For a similar third-world fantasy about another famous theorem, see the oeuvre of Ashay Dharwadker.

Note the amazing conclusion of Dharwadker's saga (thus far)–

Dharwadker devises a proof of the four-color theorem that leads to…

Grand Unification
of the Standard Model
with Quantum Gravity!

For further background, see

Ashay Dharwadker
  and Usenet Postings.

Clarke lived in Sri Lanka (formerly Ceylon) from 1956 until his death last March.

For another connection with Sri Lanka, see

Location, Location, Location
(July 13, 2005) and
Bagombo Snuff Box
(May 7, 2006).

Wednesday, July 30, 2008

Wednesday July 30, 2008

Filed under: General,Geometry — m759 @ 11:48 AM
Theories of Everything

Ashay Dharwadker now has a Theory of Everything.
Like Garrett Lisi’s, it is based on an unusual and highly symmetric mathematical structure. Lisi’s approach is related to the exceptional simple Lie group E8.* Dharwadker uses a structure long associated with the sporadic simple Mathieu group M24.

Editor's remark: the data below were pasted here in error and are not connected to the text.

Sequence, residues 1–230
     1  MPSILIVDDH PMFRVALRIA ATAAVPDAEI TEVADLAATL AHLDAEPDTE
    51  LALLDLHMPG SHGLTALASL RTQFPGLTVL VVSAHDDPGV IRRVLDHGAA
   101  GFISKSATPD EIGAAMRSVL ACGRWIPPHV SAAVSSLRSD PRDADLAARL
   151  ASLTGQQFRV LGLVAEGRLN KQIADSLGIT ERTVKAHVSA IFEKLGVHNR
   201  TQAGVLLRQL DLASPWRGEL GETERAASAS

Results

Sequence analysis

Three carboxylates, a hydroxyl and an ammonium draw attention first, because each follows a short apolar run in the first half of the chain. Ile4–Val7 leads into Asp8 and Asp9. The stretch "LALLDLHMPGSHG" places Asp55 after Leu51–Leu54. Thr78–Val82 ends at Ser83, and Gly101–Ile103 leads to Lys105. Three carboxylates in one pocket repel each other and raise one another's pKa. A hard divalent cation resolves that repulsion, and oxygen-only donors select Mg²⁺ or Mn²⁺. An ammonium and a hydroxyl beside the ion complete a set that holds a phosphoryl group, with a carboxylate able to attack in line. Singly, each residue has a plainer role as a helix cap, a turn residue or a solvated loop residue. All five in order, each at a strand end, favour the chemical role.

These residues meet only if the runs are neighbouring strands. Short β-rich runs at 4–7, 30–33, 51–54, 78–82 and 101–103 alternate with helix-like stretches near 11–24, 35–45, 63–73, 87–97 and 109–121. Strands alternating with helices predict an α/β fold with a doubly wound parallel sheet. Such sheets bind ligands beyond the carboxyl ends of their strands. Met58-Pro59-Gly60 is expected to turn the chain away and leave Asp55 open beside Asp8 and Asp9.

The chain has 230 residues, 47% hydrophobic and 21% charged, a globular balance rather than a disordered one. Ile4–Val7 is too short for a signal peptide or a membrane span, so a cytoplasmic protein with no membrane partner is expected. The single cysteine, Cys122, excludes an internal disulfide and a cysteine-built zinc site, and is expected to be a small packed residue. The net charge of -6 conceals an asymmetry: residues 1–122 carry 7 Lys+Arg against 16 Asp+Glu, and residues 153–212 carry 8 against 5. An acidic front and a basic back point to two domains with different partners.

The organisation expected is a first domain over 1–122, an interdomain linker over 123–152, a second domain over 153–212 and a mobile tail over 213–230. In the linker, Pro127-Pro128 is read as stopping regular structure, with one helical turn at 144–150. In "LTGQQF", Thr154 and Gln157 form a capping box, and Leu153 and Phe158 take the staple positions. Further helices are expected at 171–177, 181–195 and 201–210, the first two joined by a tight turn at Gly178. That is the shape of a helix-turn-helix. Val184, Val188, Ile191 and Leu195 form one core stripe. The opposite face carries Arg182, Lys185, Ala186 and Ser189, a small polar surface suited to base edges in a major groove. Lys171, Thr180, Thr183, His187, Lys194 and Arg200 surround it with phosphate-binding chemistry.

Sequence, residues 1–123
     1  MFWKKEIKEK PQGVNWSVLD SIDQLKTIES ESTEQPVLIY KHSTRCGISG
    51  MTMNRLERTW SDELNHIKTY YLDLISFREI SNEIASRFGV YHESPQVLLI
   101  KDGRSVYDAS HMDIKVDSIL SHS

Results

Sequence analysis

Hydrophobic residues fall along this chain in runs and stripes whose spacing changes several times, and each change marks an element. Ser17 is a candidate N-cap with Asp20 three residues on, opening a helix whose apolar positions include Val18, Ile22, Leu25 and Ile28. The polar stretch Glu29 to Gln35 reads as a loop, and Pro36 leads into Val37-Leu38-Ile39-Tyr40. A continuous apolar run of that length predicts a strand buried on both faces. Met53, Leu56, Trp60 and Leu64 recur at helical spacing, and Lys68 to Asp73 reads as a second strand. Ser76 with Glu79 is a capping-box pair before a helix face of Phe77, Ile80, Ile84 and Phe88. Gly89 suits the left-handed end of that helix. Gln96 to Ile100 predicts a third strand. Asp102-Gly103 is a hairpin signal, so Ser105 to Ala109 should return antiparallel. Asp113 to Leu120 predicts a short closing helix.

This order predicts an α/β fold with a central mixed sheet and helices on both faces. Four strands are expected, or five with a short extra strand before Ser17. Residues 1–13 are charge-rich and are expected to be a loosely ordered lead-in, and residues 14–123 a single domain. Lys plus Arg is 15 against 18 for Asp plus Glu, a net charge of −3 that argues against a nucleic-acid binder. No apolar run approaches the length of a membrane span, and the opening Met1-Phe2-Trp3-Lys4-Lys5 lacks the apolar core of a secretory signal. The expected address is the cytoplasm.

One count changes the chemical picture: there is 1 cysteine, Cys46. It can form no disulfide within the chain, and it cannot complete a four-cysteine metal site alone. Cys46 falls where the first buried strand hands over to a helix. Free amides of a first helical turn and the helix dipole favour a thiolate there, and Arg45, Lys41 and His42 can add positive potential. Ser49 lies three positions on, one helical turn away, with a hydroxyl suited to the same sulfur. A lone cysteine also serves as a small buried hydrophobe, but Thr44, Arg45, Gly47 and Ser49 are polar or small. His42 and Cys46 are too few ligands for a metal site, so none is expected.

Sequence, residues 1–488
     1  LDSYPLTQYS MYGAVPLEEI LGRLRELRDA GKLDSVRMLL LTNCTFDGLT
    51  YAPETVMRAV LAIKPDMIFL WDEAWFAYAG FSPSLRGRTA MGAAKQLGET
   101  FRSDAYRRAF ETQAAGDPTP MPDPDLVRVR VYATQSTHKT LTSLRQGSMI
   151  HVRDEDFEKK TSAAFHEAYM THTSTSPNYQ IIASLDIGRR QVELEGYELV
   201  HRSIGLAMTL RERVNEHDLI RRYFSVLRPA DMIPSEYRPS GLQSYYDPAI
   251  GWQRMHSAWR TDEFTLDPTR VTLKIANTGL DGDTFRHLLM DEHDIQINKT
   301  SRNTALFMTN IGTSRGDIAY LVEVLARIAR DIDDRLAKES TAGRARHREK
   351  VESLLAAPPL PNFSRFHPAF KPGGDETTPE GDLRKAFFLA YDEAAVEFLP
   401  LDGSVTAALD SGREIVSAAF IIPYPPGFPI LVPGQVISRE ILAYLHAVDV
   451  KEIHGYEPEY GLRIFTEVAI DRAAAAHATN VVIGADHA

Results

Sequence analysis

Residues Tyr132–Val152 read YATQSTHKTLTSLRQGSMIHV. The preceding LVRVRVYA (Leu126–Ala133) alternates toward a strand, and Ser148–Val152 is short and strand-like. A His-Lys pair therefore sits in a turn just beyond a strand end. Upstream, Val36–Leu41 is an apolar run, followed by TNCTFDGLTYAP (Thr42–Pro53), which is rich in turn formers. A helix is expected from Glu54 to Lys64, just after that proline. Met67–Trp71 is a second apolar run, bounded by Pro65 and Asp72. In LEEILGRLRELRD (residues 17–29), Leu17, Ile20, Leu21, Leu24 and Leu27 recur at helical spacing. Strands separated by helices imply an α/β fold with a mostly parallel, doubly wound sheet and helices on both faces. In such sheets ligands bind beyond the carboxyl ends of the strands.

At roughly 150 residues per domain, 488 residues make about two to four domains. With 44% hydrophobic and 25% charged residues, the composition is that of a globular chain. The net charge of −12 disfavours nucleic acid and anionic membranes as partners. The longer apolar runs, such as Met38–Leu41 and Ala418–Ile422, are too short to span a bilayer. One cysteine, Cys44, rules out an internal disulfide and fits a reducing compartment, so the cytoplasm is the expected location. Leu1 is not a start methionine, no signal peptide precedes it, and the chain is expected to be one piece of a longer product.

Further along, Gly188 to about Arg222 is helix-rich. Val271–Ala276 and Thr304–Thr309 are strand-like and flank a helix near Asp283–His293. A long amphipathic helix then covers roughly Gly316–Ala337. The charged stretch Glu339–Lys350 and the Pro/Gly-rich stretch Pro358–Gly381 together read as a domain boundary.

by Ashay Dharwadker


“We show that the mathematical proof of the four colour theorem [1] directly implies the existence of the standard model, together with quantum gravity, in its physical interpretation. Conversely, the experimentally observable standard model and quantum gravity show that nature applies the mathematical proof of the four colour theorem, at the most fundamental level. We preserve all the established working theories of physics: Quantum Mechanics, Special and General Relativity, Quantum Electrodynamics (QED), the Electroweak model and Quantum Chromodynamics (QCD). We build upon these theories, unifying all of them with Einstein’s law of gravity. Quantum gravity is a direct and unavoidable consequence of the theory. The main construction of the Steiner system in the proof of the four colour theorem already defines the gravitational fields of all the particles of the standard model. Our first goal is to construct all the particles constituting the classic standard model, in exact agreement with t’Hooft’s table [8]. We are able to predict the exact mass of the Higgs particle and the CP violation and mixing angle of weak interactions. Our second goal is to construct the gauge groups and explicitly calculate the gauge coupling constants of the force fields. We show how the gauge groups are embedded in a sequence along the cosmological timeline in the grand unification. Finally, we calculate the mass ratios of the particles of the standard model. Thus, the mathematical proof of the four colour theorem shows that the grand unification of the standard model with quantum gravity is complete, and rules out the possibility of finding any other kinds of particles.”